You might have noticed the complete lack of social niceties like "please" in Informix documentation. Occasionally, I do get messages to review from developers that say things like "Please read the Guide to SQL: Syntax for information on the syntax." Or even better: "Please contact IBM Software Support." I have to take out the "please" because it is against IBM style guidelines.
The official IBM Style guideline on "please" instructs us not to use "please" in IBM technical information: Terms of politeness are superfluous, convey the wrong tone for technical material, and are not regarded the same way in all cultures.
In some cultures, when you use a word like "please," it indicates that the action mentioned is optional. We have to take into account that our documentation will be translated and also that it will be read in English by people whose first language is not English.
So you see, we are not being rude--just authoritative!
Appropriate Content: Informix Documentation Team
From archive: June 2010 X
WilliamBelisle 2700009EDR 2,684 Views
Although it seems archaic now, before digital cameras and photo printers exploded in popularity, people recorded their photographic images on light-sensitive film. When film was popular, I used to teach an introductory photography class at Boston University. Each week, students would receive an assignment that emphasized a basic photographic technique, such as depth of field or stopping motion with a high shutter speed. Students would shoot their own photographs, bring the film to the school darkroom, and develop and print their photographs.
Every Monday night, students would take their painstakingly hand-developed and printed 8 by 10 images and thumbtack them to corkboard that surrounded the classroom. The entire class went around the room and critiqued each person’s photos. In these sessions, technique was graded along with composition, subject matter, and so on. Because students often were marked lower because of fingerprints, scratches, or dust on their negatives, these sessions naturally became known as negative feedback sessions.
The instructions that follow show how to leave feedback about the Informix documentation – either negative or positive.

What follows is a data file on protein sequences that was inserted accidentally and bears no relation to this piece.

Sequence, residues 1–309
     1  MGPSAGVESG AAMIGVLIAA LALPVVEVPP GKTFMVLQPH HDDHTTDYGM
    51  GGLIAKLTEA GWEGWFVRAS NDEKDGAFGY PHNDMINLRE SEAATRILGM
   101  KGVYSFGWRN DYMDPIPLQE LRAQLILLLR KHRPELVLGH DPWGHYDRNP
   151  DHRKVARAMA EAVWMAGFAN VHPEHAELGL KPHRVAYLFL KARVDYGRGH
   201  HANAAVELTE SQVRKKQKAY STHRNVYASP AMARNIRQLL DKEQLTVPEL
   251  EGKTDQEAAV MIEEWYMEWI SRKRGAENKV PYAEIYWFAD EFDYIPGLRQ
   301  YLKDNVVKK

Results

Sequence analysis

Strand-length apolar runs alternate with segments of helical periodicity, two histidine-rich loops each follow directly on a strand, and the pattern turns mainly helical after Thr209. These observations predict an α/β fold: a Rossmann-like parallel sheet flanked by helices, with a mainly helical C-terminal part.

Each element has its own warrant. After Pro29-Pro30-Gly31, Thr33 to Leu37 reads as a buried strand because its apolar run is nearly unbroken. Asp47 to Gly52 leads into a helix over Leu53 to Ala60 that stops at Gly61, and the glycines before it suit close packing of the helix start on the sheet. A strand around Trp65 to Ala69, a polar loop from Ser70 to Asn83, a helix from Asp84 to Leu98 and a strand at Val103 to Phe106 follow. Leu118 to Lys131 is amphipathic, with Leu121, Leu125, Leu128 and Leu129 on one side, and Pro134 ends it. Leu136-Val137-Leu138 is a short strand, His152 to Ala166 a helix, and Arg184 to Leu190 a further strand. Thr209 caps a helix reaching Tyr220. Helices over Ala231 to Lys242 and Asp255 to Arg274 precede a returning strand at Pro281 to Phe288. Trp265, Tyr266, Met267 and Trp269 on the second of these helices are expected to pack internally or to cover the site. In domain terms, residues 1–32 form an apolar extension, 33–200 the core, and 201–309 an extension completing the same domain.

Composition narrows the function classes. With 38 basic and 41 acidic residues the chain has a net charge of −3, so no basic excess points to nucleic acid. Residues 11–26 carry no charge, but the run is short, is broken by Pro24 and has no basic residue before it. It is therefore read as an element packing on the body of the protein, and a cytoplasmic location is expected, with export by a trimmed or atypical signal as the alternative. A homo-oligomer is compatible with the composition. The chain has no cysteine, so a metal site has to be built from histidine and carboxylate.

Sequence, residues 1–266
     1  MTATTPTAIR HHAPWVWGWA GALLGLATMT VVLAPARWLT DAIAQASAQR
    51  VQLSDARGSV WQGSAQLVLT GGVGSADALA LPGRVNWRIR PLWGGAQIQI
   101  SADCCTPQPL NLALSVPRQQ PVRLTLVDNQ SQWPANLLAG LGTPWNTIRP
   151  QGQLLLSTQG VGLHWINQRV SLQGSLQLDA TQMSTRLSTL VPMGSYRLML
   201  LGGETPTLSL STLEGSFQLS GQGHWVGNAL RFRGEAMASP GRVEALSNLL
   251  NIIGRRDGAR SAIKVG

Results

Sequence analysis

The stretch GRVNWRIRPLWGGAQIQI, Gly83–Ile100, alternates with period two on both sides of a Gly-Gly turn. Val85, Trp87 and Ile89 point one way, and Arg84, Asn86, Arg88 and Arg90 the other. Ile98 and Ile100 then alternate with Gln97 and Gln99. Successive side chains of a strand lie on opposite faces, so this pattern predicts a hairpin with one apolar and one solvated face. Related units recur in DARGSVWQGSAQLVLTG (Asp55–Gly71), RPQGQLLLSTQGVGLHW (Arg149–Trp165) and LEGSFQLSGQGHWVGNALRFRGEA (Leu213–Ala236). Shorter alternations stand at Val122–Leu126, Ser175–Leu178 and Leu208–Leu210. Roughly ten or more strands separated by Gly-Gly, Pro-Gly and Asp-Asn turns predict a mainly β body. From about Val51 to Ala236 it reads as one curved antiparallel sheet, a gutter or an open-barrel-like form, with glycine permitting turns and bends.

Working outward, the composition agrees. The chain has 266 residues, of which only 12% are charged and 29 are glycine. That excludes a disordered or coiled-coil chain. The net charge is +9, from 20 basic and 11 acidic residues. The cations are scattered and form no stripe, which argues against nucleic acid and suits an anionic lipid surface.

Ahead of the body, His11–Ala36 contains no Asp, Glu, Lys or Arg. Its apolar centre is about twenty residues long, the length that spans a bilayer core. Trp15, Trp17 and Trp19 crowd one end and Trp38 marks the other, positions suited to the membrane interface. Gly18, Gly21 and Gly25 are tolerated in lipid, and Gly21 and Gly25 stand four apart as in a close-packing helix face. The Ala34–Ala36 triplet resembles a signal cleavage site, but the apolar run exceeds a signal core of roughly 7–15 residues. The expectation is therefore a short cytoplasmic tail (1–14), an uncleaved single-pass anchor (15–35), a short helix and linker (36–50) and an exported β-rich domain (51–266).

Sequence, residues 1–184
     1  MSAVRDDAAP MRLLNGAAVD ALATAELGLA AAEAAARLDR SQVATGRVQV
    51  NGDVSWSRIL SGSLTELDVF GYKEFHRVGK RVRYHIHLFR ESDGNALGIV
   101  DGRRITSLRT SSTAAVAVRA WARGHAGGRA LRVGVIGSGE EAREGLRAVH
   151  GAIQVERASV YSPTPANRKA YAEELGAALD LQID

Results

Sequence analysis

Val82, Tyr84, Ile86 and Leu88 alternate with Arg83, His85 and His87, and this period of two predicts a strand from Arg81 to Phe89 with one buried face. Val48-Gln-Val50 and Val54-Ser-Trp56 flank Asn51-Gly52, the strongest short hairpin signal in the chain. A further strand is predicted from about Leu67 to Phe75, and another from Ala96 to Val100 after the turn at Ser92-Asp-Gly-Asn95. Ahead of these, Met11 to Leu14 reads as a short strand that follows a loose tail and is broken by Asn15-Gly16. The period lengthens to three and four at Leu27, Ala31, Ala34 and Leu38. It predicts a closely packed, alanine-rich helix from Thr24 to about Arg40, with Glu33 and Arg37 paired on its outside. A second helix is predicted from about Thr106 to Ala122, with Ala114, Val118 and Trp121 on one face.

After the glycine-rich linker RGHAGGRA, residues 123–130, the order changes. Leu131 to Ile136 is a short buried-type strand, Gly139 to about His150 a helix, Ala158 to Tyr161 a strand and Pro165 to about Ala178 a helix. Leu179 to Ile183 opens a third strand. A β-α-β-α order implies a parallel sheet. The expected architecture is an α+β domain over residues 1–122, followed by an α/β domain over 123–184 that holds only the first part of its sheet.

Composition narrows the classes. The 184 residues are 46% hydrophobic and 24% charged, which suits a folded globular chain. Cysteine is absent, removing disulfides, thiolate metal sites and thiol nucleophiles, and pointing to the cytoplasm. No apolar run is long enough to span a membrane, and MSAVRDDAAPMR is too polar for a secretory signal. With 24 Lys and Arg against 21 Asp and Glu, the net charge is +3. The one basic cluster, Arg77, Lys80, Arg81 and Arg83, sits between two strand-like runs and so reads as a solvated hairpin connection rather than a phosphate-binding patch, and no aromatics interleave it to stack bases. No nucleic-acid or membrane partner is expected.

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WilliamBelisle 2700009EDR 3,130 Views
A number of years ago when my kids were small (ages 6 and 9) I planned a full-day “boys-only” one-day adventure/trip to the Grand Canyon. After driving to our local airport, we boarded a small America West Bombardier Dash 8 twin-engine prop plane. Neither had ever been on a plane with propellers and I could see the excitement on their faces.
After a short bumpy flight, we landed at the Grand Canyon Airport near Tusayan at the entrance to the South Rim. We spent the day admiring one of the most amazing natural wonders in the world. I was imagining the impact the beauty was having on them, the rich cultural experience, and how they would remember this trip for the rest of their lives.
Or so I thought. When we returned, each of my boys had one thing to report about what they saw that day. The younger one said: “I pushed a button on a Coke machine and I got a free soda!” The older one said (while pointing to a spot on his lower back): "We saw a girl with hair this long!” Mom squinted her eyes at me as if to say “What did you guys really do today?”
The same is true with documentation. Often, writers believe they have produced one of the written wonders of the world but all that people remember is the trouble they had logging in to the system. Let us know what you take away from a journey through Informix documentation. After using the Informix Information Center, be sure to tell us the following:
And yes, we even want to know if you had trouble logging in.